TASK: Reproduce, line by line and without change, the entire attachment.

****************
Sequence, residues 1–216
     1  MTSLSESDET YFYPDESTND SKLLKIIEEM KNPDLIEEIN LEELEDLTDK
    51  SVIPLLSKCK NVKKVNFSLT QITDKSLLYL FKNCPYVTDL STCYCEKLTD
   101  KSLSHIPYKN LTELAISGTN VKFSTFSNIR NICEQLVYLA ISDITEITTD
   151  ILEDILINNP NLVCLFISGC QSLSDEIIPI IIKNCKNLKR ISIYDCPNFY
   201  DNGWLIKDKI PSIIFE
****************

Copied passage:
Sequence, residues 1–216
     1  MTSLSESDET YFYPDESTND SKLLKIIEEM KNPDLIEEIN LEELEDLTDK
    51  SVIPLLSKCK NVKKVNFSLT QITDKSLLYL FKNCPYVTDL STCYCEKLTD
   101  KSLSHIPYKN LTELAISGTN VKFSTFSNIR NICEQLVYLA ISDITEITTD
   151  ILEDILINNP NLVCLFISGC QSLSDEIIPI IIKNCKNLKR ISIYDCPNFY
   201  DNGWLIKDKI PSIIFE